A Case for Wrestling by Chris Kelly

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A Case for Wrestling by Chris Kelly

One of the questions I’m most often asked is why I am a wrestling fan. Most people find it hard to believe that a grown, college-educated, intelligent and damn good looking man, such as myself, would “waste his time” watching something that’s “fake.”

 

If I had a nickel for every time a friend, family member or co-worker looked at me like I’d lost my freakin’ mind after I divulged my passion for sports entertainment … well, I’d have a lot of nickels!

 

Think about what you liked to do when you were a kid. Who entertained you during your childhood and, whether you realized it at the time or not, helped shape you during your formative years? Yogi Bear? Bugs Bunny? The Super Friends?

 

Yeah, me too, but I also had the joy of experiencing wrestling at a pretty early age (4-5), so I became enthralled by this amazing program, where I could see larger-than-life characters waging the battle of good versus evil the old fashioned way—mano y mano (or sometimes tag-teamo y tag-teamo)—right in the middle of a ring.

 

Other than the obligatory Saturday morning cartoons, it was the first TV program I made it a point not to miss. It was like a live-action comic book (another childhood treasure) right there on the screen, and I became hooked.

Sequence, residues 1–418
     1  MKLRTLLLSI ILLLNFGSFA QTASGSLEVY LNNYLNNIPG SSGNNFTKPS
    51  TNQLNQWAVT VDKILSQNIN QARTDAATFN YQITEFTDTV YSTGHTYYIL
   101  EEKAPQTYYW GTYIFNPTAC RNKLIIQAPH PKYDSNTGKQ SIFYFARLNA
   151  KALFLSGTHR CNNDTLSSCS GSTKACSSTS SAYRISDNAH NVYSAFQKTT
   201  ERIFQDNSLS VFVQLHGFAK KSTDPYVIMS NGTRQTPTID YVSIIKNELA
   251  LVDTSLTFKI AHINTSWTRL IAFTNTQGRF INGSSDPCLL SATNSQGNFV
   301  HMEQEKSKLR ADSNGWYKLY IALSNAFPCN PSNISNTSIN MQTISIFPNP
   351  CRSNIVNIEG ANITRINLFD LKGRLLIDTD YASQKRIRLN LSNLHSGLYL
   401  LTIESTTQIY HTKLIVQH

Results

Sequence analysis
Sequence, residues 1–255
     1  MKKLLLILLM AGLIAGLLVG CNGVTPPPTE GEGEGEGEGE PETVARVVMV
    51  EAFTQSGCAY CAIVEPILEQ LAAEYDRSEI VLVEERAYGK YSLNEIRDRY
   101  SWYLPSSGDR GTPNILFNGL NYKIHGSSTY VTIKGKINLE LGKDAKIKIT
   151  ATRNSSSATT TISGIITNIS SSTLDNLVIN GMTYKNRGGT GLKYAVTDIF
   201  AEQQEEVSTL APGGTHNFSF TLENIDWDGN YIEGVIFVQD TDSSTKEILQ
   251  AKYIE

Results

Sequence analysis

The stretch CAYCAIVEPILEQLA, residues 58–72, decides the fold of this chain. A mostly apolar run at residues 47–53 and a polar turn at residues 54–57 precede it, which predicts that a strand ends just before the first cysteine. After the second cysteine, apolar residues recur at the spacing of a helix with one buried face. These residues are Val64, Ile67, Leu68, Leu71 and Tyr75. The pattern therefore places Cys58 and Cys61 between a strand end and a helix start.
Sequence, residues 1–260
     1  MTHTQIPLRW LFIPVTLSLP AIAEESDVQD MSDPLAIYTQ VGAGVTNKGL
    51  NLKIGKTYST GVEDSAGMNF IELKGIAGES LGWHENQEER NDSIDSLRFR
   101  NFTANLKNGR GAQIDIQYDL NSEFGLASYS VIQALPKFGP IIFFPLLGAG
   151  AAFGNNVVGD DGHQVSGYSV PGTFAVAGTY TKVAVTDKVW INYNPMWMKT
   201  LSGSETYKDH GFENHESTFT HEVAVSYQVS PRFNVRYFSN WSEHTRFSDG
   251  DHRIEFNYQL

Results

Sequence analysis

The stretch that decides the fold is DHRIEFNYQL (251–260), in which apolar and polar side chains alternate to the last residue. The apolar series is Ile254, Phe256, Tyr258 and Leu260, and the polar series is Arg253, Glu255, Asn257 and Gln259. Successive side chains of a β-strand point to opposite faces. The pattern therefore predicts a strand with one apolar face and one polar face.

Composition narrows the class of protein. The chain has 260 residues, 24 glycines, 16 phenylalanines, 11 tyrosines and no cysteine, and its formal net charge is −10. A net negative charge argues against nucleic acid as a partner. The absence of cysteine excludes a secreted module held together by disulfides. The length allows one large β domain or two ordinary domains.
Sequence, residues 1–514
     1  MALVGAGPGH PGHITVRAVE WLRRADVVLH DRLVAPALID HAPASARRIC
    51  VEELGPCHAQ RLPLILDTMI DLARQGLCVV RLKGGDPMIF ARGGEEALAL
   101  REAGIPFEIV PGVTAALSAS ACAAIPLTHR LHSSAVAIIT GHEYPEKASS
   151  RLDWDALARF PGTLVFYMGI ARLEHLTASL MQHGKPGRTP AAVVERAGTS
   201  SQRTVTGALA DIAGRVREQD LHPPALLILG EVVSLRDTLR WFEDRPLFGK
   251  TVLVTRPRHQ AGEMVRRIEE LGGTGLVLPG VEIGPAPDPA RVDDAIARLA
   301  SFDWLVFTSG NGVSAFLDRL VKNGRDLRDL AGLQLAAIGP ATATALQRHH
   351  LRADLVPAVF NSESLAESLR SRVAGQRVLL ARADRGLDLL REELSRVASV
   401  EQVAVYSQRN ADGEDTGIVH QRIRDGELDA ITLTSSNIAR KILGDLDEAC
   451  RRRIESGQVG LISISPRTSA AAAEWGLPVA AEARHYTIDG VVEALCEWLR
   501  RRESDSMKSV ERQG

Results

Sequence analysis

Most people at this point say "Yeah, but what about later, when you found out it was fake?" I remember when I first heard the accusation of wrestling's "phoniness."

 

An older brother of my best friend made the claim that it was fake and my reply was "So?" It was a flippant response because I was about 12 or 13 at the time, and, like most 12-13 year-olds, I knew it all, so even in the face of such an earth-shattering pronouncement, I never even blinked.

 

Also, my best friend and I were watching wrestling at the time and I didn't want to be disturbed. But, from that point on, I watched a little more closely. Sure enough, I started noticing punches that didn't quite land.